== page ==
Fall 2013
Lab 7
Due Wednesday,October 16

Basic Scripting in Python

In this lab, you will be learning the basics of scripting in python, to help you learn how to automate part of your workflow for doing assignment 4.

Detailed instructions

  1. Log on to one of the computers in the lab.
  2. Open up a terminal to the lab7 directory
  3. Make the scripts in this directory
  4. When you are done, submit all of the .class files. In order to submit your file, you will need to be SSH'd in to agate.
    ~cs520/bin/DoSubmission.py lab7 script1.py script2.py ... etc


Please submit whatever you have at the end of lab, even if it is incomplete. You have the rest of today to finish this assignment.

Basic Tasks in Python

A few important things to know

Python is a dynamically typed language, meaning you don't declare the type of whatever you are using. In fact, you don't have to declare a variable at all, you just need to say x = whatever and x takes the value of whatever. Variables have types at runtime, and if you try to do something invalid with a variable (like add to a string or write to an int) you just get a runtime error.

Probably the strangest thing about python is that whitespace and indentation matter a whole lot. While C, Java, C++, and a number of other languages get their loop and if levels from curly brackets, python divines this information from the indentation of the file.

Printing stuff in python is incredibly simple, it is quite literally print x. If you are having trouble figuring out what something is, it often helps to print it to see what you are dealing with. MAKE SURE YOU COMMENT OUT DEBUGGING PRINT STATEMENTS WHEN YOU ARE DONE. If I find any uncommented out debugging print statements I will deduct points.

Basic Hello World

Make a python program called "hello.py" that prints out "hello world". There are a number of basic tutorial sites online, this is a fairly concise tutorial that tells you how to do that step by step.

Writing to a file

Make a python program called "hello_write.py" that writes "hello world" into a file called "hello_python". This has the information you need to know how to do this, but it also contains a bunch of stuff that isn't particularly relevant to this task.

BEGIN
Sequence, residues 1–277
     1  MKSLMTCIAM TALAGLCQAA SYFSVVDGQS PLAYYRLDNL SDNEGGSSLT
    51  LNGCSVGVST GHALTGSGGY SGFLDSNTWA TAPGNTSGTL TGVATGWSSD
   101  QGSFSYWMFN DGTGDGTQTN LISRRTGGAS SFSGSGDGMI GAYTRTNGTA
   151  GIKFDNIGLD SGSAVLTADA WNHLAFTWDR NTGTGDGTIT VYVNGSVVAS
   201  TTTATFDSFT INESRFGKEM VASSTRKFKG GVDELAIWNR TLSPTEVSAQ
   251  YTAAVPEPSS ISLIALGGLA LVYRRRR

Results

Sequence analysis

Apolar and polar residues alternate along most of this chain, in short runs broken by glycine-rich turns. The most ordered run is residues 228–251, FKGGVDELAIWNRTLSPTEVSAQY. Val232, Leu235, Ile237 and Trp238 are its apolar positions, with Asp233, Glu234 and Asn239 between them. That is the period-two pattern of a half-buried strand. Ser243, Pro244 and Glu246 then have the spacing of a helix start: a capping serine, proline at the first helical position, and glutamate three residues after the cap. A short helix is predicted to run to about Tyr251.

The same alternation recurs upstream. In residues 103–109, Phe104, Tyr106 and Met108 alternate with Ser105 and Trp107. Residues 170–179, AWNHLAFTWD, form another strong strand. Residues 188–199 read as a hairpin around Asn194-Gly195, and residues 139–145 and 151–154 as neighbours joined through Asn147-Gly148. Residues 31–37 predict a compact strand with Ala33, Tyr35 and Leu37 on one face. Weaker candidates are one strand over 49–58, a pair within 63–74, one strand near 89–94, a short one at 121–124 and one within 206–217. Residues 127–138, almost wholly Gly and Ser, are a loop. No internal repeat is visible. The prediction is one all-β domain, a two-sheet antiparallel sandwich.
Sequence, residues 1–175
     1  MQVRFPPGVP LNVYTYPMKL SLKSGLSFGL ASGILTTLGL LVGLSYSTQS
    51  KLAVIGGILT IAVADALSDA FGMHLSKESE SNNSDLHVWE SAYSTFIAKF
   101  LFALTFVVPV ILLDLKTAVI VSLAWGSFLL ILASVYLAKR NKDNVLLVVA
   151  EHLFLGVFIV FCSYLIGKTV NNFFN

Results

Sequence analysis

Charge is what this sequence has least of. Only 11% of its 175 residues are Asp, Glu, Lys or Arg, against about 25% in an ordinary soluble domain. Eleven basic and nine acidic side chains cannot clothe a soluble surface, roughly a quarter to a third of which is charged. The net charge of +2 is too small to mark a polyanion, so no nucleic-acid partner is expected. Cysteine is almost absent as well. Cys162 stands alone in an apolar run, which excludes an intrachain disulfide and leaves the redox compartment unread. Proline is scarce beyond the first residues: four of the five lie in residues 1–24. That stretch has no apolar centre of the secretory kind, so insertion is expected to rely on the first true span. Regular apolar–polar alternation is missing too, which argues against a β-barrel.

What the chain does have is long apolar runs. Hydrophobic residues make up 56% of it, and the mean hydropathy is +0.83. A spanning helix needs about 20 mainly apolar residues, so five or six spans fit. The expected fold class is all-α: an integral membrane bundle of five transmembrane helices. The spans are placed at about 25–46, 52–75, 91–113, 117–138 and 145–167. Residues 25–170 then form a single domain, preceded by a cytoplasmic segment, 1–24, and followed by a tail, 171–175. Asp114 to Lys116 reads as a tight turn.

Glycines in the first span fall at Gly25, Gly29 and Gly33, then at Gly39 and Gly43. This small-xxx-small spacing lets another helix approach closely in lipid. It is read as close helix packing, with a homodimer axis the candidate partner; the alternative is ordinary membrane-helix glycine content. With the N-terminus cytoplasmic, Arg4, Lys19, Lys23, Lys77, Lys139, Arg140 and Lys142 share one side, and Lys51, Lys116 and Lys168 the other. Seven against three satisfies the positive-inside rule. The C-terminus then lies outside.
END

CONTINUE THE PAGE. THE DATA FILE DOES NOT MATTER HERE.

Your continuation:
Calling a subprocess

Make python program called lsfile.py that runs the command "ls" with the "-al" option on the directory "~/" and writes the output to a file called "lspython". In order to do this, you will need to remember how to write something to a file. This has some useful information about how to get the subprocess module to work.

Basic String operations

Make a string in python as follows:
longstring = "1 2 7.77"
Make a python script called splitstring.py that takes that string, and splits it into 3 numbers: x, y, and z. The python documentation isn't the greatest in my opinion, but it does have useful information, if you know where to look. The string type has a split method that you can use to split the string apart into a list of strings. The first step is to split that string into a list of 3 strings, each containing one number. Use the website above to find the how that command works. Once you have split the string, you should have a list of strings. If you want to convert one type to another type, there is a little built in function to do so. For example, if you want an int from something, you do int(something) and python tries to convert something into an int. The same applies to strings and floats. For whatever reason, python won't convert numbers to strings automatically, which is mildly annoying in my opinion, so if you have a number n and you want to concatenate it with a string, you have to do "mystring + str(n)" instead of "mystring + n". For more information about lists, you can look here. That site has a ton of stuff about how to do things with lists, but the part that is most important is accessing lists, which you need to do to assign the x the number representation of the first thing in the list.

Control Flow

Write a python script called forloop.py that prints out the word "forloop" followed by a space, followed by a number. The program should do this five times, printing the numbers 10 through 14. This has some useful information about how to do that. Remember python figures out loop and if level based upon indentation.

Iterating over a list

Make a python script called stringloop.py that prints out every word in a string on its own line. Make a variable which is a string as follows:
whatever = "Python is my favorite thing ever"
Next, turn whatever into a list of the individual words in the string (delimited by space). On the previously mentioned website, there is a section called "lists as an iterable" which shows how this can be done.


I will be grading your programs primarily on how well they work, but I will also be considering how the code looks. These programs are extremely simple and should be quite small; if you find yourself writing more than a few lines of code, you are probably doing something wrong, and I would recommend you speak to me.